Thousands flee South Sudan tribal conflict

Tens of thousands of villagers in South Sudan are hiding in the bush, waiting for United Nations and government troops to stop a tribal conflict, which officials fear may have left scores of people dead over the weekend.

Armed youths from the Lou Nuer tribe marched on the remote town of Pibor in Jonglei state, home to the rival Murle people, who they blame for cattle raiding.

On Tuesday morning, the government claimed that the South Sudanese army was in “full control” of Pibor, and that Lou Nuer tribesmen were vacating it.

“Pibor is under the full control of the government, and the Lou Nuer have been ordered to return to their homes, and they are starting to do so,” Barnaba Marial Benjamin, the country’s information minister, said.

Thatched huts have been burned and, according to Parthesarathy Rajendran, the head of Doctors without Borders (known by its French name Medicines sans Frontieres, or MSF) in South Sudan, thousands have been displaced, including his own staff.

“Many of our staff are in the bush and we also heard an MSF clinic has been damaged and looted,” he told Al Jazeera.

“MSF is the only medical health care in the whole region, and the population is very vulnerable for all kinds of medical issues. So we are very concerned about those fleeing into the bush. They don’t have access to water, medical care or food.”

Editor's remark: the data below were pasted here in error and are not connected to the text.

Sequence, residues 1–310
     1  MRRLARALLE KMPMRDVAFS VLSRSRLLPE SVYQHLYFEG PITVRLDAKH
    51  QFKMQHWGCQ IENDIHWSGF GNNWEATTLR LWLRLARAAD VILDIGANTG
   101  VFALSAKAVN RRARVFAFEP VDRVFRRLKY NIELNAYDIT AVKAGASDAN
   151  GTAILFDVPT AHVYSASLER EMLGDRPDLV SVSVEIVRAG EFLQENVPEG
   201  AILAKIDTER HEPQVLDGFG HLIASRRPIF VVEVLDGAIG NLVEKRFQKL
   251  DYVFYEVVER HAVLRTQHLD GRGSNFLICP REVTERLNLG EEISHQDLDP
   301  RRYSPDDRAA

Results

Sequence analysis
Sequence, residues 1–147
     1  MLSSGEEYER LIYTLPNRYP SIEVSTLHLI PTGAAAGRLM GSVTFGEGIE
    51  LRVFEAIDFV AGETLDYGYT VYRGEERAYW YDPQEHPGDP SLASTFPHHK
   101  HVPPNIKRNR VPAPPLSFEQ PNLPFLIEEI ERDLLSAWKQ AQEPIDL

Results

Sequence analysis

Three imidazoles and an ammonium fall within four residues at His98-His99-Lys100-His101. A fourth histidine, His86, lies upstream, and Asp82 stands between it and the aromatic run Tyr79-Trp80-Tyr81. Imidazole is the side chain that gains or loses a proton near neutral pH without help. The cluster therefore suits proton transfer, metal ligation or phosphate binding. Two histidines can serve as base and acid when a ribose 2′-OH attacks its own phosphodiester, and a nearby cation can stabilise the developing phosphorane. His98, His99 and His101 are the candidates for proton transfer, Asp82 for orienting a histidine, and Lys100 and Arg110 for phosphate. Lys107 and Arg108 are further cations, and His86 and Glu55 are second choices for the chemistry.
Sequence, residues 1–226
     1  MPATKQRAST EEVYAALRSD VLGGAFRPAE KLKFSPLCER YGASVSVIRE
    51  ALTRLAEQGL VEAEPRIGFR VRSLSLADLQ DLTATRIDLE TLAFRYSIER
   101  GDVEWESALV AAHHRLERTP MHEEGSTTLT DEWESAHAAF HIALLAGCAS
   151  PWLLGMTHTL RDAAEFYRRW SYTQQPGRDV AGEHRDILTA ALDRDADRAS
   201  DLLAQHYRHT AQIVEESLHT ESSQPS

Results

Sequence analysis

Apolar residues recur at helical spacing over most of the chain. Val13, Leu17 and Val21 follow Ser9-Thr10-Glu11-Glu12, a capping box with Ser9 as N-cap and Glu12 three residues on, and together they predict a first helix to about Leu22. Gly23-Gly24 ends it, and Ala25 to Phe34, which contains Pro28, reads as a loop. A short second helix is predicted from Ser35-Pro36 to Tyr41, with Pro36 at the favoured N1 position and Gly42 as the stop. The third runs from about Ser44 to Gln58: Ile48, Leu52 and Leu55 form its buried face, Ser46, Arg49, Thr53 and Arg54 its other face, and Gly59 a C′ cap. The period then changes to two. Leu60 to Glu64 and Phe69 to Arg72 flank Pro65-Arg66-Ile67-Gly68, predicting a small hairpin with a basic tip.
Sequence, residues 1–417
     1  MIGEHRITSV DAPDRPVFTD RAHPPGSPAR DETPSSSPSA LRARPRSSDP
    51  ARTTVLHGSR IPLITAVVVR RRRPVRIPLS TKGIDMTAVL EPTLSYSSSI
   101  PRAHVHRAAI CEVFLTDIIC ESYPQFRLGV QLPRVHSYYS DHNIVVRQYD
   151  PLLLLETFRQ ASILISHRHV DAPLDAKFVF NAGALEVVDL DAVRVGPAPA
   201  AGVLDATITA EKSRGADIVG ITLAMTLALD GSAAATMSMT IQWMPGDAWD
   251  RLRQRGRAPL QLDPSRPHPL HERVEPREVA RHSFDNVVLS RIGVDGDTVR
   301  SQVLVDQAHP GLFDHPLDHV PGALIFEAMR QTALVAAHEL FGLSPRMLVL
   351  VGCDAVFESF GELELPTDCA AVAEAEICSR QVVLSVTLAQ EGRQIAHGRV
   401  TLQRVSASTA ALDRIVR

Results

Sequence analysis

The government and the UN, which has said the violence could lead to a “major tragedy”, were strengthening their forces in the area.

“We are worried about their conditions. They are without water, shelter and food. They are hiding in the bush. I think it
is between 20,000 and 50,000. This is an estimate only,” Lise Gande, UN humanitarian co-ordinator for South Sudan, told the Reuters news agency.

Grande said on Sunday that the number of government forces heading to Pibor was estimated at 3,000 troops and 800 police.

‘Village deserted’

Al Jazeera’s Haru Mutasa, reporting from a village belonging to the Murle tribe, said the situation was tense, with deserted streets.

“All you see is soldiers and guns, lots and lots of guns,” she said. “It doesn’t feel like a normal place. The UN here is trying by all means to reassure the few that are left that it’s safe to return.”

She reported there was particular concern for those who had fled the violence and were currently in the bush. “They have no food and no water, and the longer they stay out there the concern is that they could start dying,” she said.

Haru Mutasa reports from Pibor town

Reverend Mark Akec Cien, head of the Sudan Council of Churches, an umbrella organisation with members across the area, said they had reports of many killed and wounded in the clashes.

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